To be sure, we acknowledge the enormous importance of protected areas and indeed have them as one of our three principal categories of biodiversity conservation outcomes (along with preventing species extinctions and creating landscape-level conservation corridors, Conservation International 2002). Furthermore, we recognize the great opportunities that exist to create more protected areas in wilderness and are fully engaged in this process through our Global Conservation Fund (GCF, see below). Indeed, given that the results of this study indicate that globally only 7.4% of the wilderness areas defined by this study are currently in strictly-protected parks and reserves (IUCN Categories I-IV), we believe that there needs to be an enormous global push to create many more protected areas in these critically-important regions. However, unlike the hotspots, where virtually all that will remain will perforce be in strictly-managed parks and reserves, we believe that the maintenance of wilderness must go beyond parks and reserves. To take an extreme example, imagine if we succeeded in protecting 50% of Antarctica in parks and reserves (a percentage that exceeds that of any country on Earth), but allowed the remaining 50% to degrade. The increase in sea level worldwide would have disastrous consequences. The same is true of Amazonia, where roughly a third is already under some formal designation. What if the remainder of this region, which generates at least 50% of its own rainfall, where severely degraded, burned, or clearcut—as has already happened in the Atlantic forest region of Brazil? And what about the Boreal Forests, the Arctic Tundra, and many other immense wilderness areas that play a critical role in Earth's delicate ecological balance? Societal recognition of the importance of wilderness simply must be more encompassing, and must truly lead us to a major shift in the way in which we value the natural world. It must also begin to recognize that wilderness areas, especially the largest and most intact, play an immense yet still poorly-measured, role in maintaining the ecological health and integrity of our planet.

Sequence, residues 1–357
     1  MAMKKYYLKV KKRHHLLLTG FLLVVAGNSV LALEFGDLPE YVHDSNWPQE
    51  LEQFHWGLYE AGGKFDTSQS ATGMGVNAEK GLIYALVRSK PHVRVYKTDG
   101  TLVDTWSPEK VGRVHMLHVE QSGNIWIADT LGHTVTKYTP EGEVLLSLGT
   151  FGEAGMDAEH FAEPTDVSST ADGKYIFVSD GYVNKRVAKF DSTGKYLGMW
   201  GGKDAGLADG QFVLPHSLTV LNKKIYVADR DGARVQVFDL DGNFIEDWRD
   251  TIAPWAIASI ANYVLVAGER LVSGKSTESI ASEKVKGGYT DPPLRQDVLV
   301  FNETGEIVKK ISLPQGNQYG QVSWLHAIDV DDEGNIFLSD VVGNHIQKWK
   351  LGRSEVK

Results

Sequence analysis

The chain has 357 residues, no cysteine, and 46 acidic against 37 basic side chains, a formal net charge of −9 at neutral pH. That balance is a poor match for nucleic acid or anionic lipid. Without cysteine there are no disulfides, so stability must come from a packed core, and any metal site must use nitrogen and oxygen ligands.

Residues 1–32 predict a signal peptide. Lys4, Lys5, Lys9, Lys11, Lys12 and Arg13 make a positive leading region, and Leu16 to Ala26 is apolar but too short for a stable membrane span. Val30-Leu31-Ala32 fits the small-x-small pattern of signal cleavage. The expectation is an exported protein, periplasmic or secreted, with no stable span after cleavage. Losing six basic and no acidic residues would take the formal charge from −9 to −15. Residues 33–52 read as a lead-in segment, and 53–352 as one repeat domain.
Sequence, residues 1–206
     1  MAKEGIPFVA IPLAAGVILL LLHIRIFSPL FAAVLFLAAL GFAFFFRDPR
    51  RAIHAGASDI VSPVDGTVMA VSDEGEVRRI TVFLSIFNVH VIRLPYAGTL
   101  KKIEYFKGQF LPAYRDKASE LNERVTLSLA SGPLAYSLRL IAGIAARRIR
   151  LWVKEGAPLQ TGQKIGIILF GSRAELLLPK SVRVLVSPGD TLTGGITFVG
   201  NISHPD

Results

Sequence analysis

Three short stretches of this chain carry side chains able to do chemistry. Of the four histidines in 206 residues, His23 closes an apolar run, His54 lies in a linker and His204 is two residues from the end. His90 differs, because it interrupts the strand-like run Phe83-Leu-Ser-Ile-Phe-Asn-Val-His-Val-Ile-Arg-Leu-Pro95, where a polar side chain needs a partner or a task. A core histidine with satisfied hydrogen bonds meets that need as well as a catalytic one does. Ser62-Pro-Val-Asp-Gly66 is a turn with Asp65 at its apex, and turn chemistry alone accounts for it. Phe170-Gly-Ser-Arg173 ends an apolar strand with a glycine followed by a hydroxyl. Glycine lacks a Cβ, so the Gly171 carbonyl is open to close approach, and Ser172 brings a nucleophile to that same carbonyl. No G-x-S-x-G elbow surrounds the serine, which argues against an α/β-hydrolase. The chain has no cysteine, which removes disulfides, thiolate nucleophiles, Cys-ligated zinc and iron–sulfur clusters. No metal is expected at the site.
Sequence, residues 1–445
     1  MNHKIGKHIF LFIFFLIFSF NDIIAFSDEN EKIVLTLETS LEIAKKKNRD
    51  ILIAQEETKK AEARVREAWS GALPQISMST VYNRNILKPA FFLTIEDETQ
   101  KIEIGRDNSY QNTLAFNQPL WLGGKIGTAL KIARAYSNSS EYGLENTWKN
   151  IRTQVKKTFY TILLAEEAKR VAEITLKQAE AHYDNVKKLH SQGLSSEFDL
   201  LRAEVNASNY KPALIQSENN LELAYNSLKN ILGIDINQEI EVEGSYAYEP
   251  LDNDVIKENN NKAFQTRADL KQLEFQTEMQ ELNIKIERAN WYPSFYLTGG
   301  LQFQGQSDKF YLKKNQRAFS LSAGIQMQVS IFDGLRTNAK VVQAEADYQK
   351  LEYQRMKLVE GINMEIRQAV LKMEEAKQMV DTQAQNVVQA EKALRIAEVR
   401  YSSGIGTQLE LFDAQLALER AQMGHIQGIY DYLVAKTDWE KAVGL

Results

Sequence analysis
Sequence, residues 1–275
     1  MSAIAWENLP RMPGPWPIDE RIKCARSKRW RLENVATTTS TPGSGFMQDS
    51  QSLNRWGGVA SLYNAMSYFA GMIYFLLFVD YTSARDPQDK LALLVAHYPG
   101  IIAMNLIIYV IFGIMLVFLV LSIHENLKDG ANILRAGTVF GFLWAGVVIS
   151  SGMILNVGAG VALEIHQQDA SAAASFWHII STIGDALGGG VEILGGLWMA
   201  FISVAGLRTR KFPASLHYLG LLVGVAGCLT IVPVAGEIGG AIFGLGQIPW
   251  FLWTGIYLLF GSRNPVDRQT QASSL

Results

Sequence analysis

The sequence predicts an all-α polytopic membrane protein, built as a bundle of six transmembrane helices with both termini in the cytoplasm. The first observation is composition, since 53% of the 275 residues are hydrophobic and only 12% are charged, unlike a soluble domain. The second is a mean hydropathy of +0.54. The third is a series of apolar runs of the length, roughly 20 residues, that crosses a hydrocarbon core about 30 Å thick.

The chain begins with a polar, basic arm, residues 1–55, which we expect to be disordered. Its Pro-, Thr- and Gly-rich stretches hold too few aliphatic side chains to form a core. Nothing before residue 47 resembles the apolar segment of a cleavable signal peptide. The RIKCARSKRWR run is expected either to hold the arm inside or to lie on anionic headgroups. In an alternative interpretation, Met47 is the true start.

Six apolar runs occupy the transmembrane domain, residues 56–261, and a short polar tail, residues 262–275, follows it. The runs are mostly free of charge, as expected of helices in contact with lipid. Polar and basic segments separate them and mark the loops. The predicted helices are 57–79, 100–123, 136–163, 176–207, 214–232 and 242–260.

As a result, our criteria for wilderness are at a broad, biome level and take into consideration size, intactness of natural systems, human population density, and biodiversity. Although these are difficult to establish for such a widely-interpreted, much-used term (in contrast to hotspots, which was a new term with no legal history), we believe that some rough quantitative criteria are necessary and therefore attempt to establish some here.

Wilderness Criteria - Size

First of all, a wilderness area needs to be a distinct biogeographic unit, or a series of units (e.g., ecoregions) within a biome type that share certain biological features. Once the biogeographic unit is defined, we believe that a wilderness area needs to be large and intact, a distinct difference from hotspots, most of which are small and highly-fragmented. Consequently, our initial cutoff point for wilderness status is much higher than any that exist in the protected-area focused legal definitions, i.e., a minimum of 10,000 km², or 1 million ha. This is larger than what remains in many hotspots and much larger than anything that exists in current wilderness legislation. For comparative purposes, this is an area a little smaller than the American state of Connecticut.

Wilderness Criteria - Intactness